In The Grand Tradition

I have worn these sneakers out already!
I have worn these sneakers out already!

My earliest memory of exercise, I was in the gym at school as early as second or third grade, I was crying. My ankles hurt too much. I was hoping around and crying and no one cared. I have always resented exercise.

My mode of release and relaxation has always been reading.  I counted myself very blessed because I had all the resources to become well read. I had teachers, parents who loved education, and a natural talent for it. Everything I read shored up this belief. Benjamin Franklin taught himself to read, can you believe that? I read Frederick Douglas and thought, Hell ya, reading is power! He learned to read despite being enslaved and refused any resources. Women in some areas of the world are still denied an education. Did I not have the responsibility as a human, a woman, and an American to learn all I could? I am in a privileged class of people with all the resources and education I can pay for.

Feeling privileged, I have always read voraciously. I exercise only sporadically if that. I always considered exercise a chore. Exercise is something I have to do, not want to do. I have never thought about exercise as something that I should feel blessed to be able to accomplish. Last night I was reading Health magazine and they were asking readers What Tricks Do You Use To Boost Your Willpower? One of the readers responded, “I always tell myself that today I’m privileged to be able to work out. You may not always have your health or be physically able to exercise. Do it while you can!” –Kerry A. via facebook”

I had never really thought about being able to do exercise as a privilege. After reading this comment, I feel incredibly idiotic to not have seen or felt this before.  Yesterday, I woke up feeling horrible. Because of my undiagnosed sleep apnea I have arthritis in my neck. I would wake up gasping in the middle of the night and repeatedly jerk my neck. Still sometimes I wake up with amazingly painful headaches. Yesterday was one of those days. I was unable to think for most of the day. I went back to bed for most of the day. I woke up later and realized I had slept the day away and felt saddened and regretful. I was guilty. I then felt that guilt for not getting in any exercise. If I felt about it differently, the way I do about reading and education, I wouldn’t feel guilty when I don’t do it. I would feel empowered when I do.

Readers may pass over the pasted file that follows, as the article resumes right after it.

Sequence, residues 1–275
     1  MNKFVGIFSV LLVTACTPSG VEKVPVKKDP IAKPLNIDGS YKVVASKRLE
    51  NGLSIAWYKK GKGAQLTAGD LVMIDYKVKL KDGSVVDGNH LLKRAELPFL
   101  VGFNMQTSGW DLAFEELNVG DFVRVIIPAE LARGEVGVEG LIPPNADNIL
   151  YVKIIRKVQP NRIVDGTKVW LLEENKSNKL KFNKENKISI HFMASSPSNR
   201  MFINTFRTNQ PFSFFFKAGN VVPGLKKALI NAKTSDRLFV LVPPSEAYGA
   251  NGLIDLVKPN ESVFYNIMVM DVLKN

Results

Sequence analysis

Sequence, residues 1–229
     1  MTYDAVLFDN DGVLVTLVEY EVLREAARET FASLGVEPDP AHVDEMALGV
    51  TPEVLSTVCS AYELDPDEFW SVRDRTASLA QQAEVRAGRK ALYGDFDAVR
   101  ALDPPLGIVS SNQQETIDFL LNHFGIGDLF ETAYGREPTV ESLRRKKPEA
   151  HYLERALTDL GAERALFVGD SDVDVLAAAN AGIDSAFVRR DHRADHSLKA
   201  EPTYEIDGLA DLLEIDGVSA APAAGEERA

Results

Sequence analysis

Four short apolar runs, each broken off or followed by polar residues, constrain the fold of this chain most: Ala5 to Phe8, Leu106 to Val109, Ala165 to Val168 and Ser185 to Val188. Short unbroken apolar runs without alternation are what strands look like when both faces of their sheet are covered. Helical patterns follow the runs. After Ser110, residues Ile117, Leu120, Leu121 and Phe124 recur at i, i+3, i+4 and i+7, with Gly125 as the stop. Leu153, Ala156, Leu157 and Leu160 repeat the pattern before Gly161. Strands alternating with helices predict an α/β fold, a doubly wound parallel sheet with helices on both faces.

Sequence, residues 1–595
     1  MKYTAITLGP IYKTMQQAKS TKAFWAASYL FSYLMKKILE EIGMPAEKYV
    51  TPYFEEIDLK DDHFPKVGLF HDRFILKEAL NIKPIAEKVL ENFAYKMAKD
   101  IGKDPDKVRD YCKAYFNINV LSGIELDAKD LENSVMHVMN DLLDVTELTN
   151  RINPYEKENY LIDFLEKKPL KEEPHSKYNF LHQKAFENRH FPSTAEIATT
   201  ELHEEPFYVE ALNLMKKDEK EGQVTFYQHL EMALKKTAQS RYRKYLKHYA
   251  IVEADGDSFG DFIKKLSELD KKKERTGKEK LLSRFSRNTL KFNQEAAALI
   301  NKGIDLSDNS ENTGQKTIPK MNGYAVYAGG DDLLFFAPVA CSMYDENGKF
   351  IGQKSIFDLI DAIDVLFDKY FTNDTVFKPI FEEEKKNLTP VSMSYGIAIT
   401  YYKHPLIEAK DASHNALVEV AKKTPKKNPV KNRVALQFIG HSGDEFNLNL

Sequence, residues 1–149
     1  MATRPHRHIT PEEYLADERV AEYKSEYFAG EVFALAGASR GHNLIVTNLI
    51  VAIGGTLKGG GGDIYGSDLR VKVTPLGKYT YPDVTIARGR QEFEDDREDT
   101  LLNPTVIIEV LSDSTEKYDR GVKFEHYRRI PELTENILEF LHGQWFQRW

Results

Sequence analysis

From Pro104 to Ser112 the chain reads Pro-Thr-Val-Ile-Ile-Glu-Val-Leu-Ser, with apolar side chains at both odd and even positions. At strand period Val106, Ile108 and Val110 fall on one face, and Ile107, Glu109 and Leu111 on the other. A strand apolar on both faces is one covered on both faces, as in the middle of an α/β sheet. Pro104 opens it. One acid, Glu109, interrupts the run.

There are many ways to excel at physical fitness, but the first thing I need to do is change the way I think about it. This change is so hard. It is part of my being to resent exercise for many reasons. First of all, I have never been good at it. I suck at walking in general. I am one of the least graceful people in the world (no exaggeration.) I sweat and stink which brought me shame in my youth. My ankles are still bad but I am working on it.

A quote was posted to my Facebook group, #LiveAlittle Project, “Great people do things before they’re ready. They do things before they know they can do it. Doing what you’re afraid of, getting out of your comfort zone, taking risks like that – that is what life is. You might be really good. You might find out something about yourself that’s really special and if you’re not good, who cares? You tried something. Now you know something about yourself. –Amy Poehler. This is so true, but what is really hard is keeping up doing what I am not good at. I am horrible at most exercise but I must keep going. I have no other choice because I am able. It is my responsibility not only to myself because I need to be capable, and in that way I can empower myself to be better and more capable.

So I am gonna keep exercising, and from now on I am going to feel empowered just for trying.  I can fail, and continue to fail but just because I will feel honored, just in the practice.

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